All the puzzles are reasonable.
They don't require you to do anything random; they don't require guessing. They don't require trial and error. The solutions tend to be simple and natural. They flow directly from the rules of gameplay in each world.
While I agree that the puzzles are reasonable and that they flow directly from the rules of the gameplay world, I doubt there is anyone aside from Jonathan Blow who has completed Braid without a fair share of guesswork, trial and error, and a willingness to explore complicated and unnatural concepts. I present this not as a criticism, but as a compliment. Had Braid's puzzles not required experimentation and exceptional thinking, the game would have been a significantly more mundane experience.
Braid allows me to indulge in what I have referred to previously as "scientific gaming." My favorite (and I would argue the best) games tend to focus on pushing the player to explore a core system of rules: Mario has jumping and dodging, PixelJunk Eden has jumping and swinging, and Portal has jumping and...portals. Evidently, I have a clear pro-jumping bias.
Certainly, the aforementioned examples are crude over-simplifications, and their rules reflect neither reality nor necessarily rules that the player would choose for themselves. Their strength flows not from affording player agency in terms of creating rules, but in giving the player a solid foundation on which to build their understanding of the in-game universe and the power to then experiment with these constraints.
Braid, like the aforementioned examples, partakes in the hallowed tradition of jumping and pairs it with time manipulation. The game combines these and other actions to give rise to mind-bending dynamics, but the center of the game revolves around immutable underlying rules that govern the way time flows and Tim moves.
Contrary to the walkthrough's assertion, the game is about guessing, trail and error, and exploring what would seem unnatural in most games. Jumping off the ledge in "Leap of Faith" to get the puzzle piece almost guarantees failure the first time. The solution requires learning from your mistakes and evaluating hypotheses on how to reach that piece. Solving Braid's puzzles is about more than simply obtaining a reward or overcoming an obstacle; the solution necessitates that the player ends up with a greater understanding of the game's most basic systems with every additional piece.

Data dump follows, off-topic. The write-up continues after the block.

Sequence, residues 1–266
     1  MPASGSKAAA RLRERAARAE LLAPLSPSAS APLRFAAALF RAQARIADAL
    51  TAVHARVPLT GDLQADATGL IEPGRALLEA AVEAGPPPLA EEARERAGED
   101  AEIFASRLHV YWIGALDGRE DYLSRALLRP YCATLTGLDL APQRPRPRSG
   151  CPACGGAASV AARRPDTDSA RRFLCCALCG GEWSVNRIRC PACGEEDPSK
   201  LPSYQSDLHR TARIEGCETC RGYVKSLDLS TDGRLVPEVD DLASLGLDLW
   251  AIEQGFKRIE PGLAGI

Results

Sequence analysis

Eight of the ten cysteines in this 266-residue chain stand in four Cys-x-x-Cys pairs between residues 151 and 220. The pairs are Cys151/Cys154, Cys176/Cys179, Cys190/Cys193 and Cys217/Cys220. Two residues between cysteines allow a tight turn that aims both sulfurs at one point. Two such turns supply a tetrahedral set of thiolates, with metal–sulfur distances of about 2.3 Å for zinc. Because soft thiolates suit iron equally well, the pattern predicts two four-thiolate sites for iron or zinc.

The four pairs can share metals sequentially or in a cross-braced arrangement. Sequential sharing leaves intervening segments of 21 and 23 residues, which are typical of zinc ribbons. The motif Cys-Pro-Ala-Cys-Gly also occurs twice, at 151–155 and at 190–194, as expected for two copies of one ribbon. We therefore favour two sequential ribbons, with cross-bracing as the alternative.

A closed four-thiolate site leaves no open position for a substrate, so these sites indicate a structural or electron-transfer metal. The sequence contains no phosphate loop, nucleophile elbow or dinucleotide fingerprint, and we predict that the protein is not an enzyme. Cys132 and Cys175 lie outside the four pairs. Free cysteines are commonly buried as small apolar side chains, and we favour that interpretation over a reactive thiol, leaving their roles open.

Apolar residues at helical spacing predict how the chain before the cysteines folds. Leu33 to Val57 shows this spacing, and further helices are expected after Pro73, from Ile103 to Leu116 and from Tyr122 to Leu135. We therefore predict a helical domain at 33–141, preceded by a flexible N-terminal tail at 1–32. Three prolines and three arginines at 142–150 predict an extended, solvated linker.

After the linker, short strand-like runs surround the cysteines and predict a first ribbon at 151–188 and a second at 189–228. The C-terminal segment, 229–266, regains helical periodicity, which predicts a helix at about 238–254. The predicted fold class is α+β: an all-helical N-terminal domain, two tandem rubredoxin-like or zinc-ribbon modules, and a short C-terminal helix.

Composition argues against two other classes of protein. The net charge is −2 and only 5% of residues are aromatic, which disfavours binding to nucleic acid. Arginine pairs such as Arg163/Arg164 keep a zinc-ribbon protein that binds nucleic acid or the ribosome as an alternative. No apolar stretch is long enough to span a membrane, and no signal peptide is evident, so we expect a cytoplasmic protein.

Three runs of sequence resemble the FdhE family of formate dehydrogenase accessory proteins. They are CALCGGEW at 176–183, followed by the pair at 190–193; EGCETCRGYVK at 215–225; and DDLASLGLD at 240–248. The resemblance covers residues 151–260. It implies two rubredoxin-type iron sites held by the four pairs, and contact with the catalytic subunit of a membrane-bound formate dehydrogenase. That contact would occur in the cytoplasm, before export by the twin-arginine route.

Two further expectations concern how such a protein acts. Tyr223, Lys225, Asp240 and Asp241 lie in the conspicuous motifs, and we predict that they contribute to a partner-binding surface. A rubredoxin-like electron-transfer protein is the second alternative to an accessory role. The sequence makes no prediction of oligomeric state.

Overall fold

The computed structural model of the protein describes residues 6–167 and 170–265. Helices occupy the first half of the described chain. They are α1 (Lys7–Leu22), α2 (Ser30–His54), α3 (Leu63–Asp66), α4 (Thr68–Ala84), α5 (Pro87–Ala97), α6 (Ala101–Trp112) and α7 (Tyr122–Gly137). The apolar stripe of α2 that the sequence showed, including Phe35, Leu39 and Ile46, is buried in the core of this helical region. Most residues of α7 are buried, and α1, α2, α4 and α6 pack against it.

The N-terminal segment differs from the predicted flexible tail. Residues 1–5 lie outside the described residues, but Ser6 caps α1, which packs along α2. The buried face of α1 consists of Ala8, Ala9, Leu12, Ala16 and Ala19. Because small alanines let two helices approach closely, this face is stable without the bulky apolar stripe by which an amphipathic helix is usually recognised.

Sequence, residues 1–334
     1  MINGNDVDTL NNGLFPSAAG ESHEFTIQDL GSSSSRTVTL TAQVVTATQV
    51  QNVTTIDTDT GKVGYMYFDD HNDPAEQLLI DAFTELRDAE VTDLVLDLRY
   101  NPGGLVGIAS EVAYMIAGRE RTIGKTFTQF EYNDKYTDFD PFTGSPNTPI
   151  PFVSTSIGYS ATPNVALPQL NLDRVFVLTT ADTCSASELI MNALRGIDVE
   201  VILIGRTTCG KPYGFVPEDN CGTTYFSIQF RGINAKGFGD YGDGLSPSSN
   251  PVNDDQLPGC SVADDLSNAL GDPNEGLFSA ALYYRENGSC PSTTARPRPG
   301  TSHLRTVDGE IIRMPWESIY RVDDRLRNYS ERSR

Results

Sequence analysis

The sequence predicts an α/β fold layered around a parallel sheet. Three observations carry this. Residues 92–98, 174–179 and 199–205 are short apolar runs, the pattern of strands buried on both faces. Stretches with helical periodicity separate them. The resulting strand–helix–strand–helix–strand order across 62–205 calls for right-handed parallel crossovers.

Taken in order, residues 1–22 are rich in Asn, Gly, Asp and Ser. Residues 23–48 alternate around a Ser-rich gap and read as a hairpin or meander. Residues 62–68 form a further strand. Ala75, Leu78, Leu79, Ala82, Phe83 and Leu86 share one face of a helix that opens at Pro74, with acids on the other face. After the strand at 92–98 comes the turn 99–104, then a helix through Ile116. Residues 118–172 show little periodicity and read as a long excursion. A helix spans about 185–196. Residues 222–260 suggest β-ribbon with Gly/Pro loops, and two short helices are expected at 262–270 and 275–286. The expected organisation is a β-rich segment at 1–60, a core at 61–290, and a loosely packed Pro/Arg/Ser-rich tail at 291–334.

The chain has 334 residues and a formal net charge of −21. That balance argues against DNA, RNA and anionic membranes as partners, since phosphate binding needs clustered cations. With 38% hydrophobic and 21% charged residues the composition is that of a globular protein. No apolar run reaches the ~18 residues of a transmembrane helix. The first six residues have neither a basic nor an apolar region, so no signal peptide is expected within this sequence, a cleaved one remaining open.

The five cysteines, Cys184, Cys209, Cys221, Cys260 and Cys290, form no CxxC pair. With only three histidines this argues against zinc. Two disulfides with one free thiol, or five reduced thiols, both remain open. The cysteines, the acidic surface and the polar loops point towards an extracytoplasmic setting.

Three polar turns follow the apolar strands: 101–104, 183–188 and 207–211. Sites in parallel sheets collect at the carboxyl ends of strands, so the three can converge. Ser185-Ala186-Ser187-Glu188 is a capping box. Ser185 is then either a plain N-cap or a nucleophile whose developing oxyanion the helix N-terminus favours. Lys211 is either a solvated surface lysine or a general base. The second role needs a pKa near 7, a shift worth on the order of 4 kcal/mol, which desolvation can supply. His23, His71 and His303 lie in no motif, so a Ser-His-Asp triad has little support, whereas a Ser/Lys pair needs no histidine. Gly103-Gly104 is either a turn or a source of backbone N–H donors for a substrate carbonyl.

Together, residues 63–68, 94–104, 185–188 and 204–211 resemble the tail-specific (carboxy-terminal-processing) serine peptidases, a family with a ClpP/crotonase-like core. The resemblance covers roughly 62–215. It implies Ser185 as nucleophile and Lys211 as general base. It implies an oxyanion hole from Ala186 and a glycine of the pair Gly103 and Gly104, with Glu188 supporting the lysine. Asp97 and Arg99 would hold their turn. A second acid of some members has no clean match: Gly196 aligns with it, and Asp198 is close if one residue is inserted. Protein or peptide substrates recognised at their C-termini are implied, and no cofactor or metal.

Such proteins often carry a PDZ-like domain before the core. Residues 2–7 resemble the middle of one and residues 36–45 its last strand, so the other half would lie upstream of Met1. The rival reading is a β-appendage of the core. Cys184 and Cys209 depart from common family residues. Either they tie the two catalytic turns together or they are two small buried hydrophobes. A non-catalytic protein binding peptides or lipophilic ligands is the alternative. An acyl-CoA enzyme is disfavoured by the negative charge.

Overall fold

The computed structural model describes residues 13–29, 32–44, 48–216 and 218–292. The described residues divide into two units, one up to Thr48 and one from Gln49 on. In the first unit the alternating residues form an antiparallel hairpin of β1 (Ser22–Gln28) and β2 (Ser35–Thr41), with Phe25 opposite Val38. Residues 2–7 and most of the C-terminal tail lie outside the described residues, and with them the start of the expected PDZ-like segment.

One of the more maligned puzzles, "Crossing the Gap," is actually the perfect example of what makes Braid outstanding. This video shows someone doing a speed run of the puzzle:
I seriously doubt anyone could solve this puzzle so flawlessly the first time they encounter it. Personally, it probably took me more than an hour of experimentation before I realized the solution. Initially, I kept bouncing off goombas to get the trampoline effect, trying in vain to will myself up the platform. I tried luring two enemies out of the cannon to increase my jump, but that didn't work either. My breakthrough started on a fluke: I accidentally allowed the goomba to drop on me from above. Since one of the rules of the universe was that death is reversible, I let the full animation play out rather than rewinding it after the immediate hit. To my surprise, I saw the goomba trampoline off of me as, just as I did off of an enemy. I then put it all together: I already knew that the shadow figure acted as physical being, therefore the goomba would bounce off of it, and then I could then bounce off of the goomba and into victory.
This breakthrough is a glorious contradiction of the official walkthrough. Solving the puzzle came after much trial and error. The epiphany of realizing the enemies could bounce on me came randomly, from my mistake. The decision to sit through the entire death animation was one made out of curiosity. Combining these elements yielded an unexpected, yet extremely logical and satisfying solution, as the outcome was perfectly justified by the game's core rules.
So often, "puzzles" in games are actually glorified checklists. Figuring out how to defeat a boss in a Zelda game is often as simple as seeing a pattern and finding the flashing red part of the enemy's body. In the recent Resident Evil 5 DLC, the first twenty minutes consist of puzzles that are little more than speed bumps: there is no creativity or experimentation necessary to solve them and they are just there to play off of nostalgia and extend the experience.
Done correctly, a puzzle is something that requires a scientific thought-process. Exploration backed by solid, consistent mechanics allows the player to utilize the game rules rather than simply be propelled forward by them. I agree with the spirit of Braid's walkthrough: it is intensely rewarding to both solve the puzzles and to see how the solutions are justified by the game's basic structure.
I would go further and contradict the guide to argue that it is not in spite, but because of the game's ability to accommodate experimentation and chance that the puzzles are so successful. Braid gives us a world in which valid solutions can arise from hours of incremental tests, a seemingly random fluke, or a combination of the two. Scientific logic and serendipity are not mutually exclusive. Just ask Alexander Fleming.